Newt’s Palestinian comment was more than about history
Palestinian national identity as it currently is recognized was a reaction to the creation of Israel and most prominently the 1967 war when Israel captured territory controlled by Egypt and Jordan. Newt Gingrich is under fire for stating this truth.
It doesn’t really change the equation on the ground, and there is an inexorable march towards Palestinians having a state in some portion of that former Egyptian and Jordanian territory, the questions being boundaries and militarization.
The importance of Gingrich’s comment was that it skewered a false historical narrative which dominates the international debate and is used for the demonization of Israel and its chief supporter, the United States.
Newt was absolutely correct to say enough already with the falsehood. If it upset the Palestinians, well too bad. It’s about time a prominent political figure in the United States didn’t just voice support for Israel but did so in a historically accurate manner which addressed the false Palestinian narrative of perpetual victimization.
The Palestinian issue also gave Newt what may turn out to be his most important moment in any debate, aligning himself with Ronald Reagan in refusing to be timid in the politically correct propaganda war being waged against us.
Dave Weigel saw what ensued as the winning moment for Newt:
His last full-on grapple with Romney came when the former governor attacked him, in a sort of more-in-sorrow-than-anger way, for saying that the Palestinians were an “invented people.” That, said Romney, was complicating things for Israelis.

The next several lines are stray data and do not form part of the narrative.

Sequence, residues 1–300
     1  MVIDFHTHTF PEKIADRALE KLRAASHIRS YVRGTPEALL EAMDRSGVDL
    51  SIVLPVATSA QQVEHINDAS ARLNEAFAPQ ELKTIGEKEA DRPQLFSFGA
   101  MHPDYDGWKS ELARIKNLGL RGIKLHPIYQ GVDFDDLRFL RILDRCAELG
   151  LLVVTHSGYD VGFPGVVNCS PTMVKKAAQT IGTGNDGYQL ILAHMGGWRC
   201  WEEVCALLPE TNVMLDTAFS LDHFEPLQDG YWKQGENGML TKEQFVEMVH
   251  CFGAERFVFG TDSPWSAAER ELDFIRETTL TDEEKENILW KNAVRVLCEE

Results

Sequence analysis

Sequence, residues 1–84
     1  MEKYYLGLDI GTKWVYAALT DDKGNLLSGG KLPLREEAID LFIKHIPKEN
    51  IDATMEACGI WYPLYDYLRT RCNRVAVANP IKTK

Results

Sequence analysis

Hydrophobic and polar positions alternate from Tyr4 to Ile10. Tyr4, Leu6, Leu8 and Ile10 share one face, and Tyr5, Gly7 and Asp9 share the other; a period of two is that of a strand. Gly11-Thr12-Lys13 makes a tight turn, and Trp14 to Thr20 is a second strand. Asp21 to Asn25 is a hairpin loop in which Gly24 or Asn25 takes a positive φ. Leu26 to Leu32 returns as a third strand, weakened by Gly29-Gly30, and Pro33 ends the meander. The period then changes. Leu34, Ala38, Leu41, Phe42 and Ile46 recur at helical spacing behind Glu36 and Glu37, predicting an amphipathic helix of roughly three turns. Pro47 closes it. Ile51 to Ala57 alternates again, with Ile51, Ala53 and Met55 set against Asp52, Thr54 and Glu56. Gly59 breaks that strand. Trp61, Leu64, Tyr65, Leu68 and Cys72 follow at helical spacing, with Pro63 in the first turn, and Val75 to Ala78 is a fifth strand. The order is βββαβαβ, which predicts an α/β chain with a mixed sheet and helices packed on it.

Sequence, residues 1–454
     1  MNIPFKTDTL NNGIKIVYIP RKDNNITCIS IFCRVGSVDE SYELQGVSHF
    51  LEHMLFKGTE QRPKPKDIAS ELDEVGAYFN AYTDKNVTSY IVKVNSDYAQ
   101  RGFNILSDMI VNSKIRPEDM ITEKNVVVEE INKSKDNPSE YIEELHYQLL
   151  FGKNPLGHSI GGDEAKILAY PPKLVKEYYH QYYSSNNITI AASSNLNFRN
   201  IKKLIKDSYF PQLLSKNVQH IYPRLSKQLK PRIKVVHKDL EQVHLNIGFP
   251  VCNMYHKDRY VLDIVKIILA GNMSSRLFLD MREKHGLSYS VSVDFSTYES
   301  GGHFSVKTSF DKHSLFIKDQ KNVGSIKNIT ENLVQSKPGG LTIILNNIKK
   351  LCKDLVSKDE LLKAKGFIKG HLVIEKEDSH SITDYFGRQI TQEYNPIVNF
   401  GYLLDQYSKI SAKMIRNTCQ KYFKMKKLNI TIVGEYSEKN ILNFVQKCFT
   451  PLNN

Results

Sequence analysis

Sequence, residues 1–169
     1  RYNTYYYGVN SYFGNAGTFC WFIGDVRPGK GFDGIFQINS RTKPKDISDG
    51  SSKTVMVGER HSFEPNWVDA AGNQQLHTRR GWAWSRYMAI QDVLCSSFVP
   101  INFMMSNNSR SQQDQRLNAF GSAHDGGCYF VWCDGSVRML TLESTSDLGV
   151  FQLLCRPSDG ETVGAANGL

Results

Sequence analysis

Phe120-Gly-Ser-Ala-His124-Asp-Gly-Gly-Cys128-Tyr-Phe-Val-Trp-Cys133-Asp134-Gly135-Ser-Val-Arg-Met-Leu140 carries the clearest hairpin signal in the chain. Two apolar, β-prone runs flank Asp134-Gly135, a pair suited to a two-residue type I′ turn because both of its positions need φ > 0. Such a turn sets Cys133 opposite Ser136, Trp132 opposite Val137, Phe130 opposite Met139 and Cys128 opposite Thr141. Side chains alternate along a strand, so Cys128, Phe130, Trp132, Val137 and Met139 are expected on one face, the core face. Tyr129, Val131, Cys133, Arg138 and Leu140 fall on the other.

“The Israelis are getting rocketed every day,” snorted Gingrich. “We’re not making life more difficult. The Obama administration is making life more difficult.” Plus, he was right on the facts. “Palestinian did not become a common term until after 1977.” That’s the sort of knowledge-bomb that Republicans dream of dropping on Obama—they feel like this is right, but here’s a candidate who can say so.
And then Gingrich closed the loop.
“I’m a Reaganite,” he said. “I’m proud to be a Reaganite. Even at the point of causing some confusion with the timid.”
Who was “the timid?” Whoever viewers thought it should be. Obama. Romney. The media. All of them, as far as they’re concerned, would lose in a showdown with Newt Gingrich. And this is how he won the debate.
Update: See my prior post, What If Palestinians Were Settlers?, for a history of the family of prominent anti-Israel Palestinian-American law professor George Bisharat. While Bisharat writes moving articles about the loss of his ancestral home in Jerusalem, in fact his family was not indigenous to Jerusalem or even any part of what now is Israel.
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[…] recently Gingrich declined to coddle the Palestinian people. He called them an invented people that the Muslim world and leftists use to delegitimize Israel. Furthermore, he called Palestine […]
I’ve never thought myself of that politically correct.
But if I were arguing over an issue that involved the security and safety of a vast number of Jews one of the last things I’d use as a basis for argument is any notions of racial or genetic purity/identity.
Even if there was some there there (and it is in no way clear that there is) I’d still be hesitant. The real dangers, and even the mere rhetorical danger of guilt by association, are far too great.
[…] recently, Gingrich declined to coddle the Palestinian people. He called them an invented people that the Muslim world and leftists use to delegitimize Israel. Furthermore, he called Palestine […]
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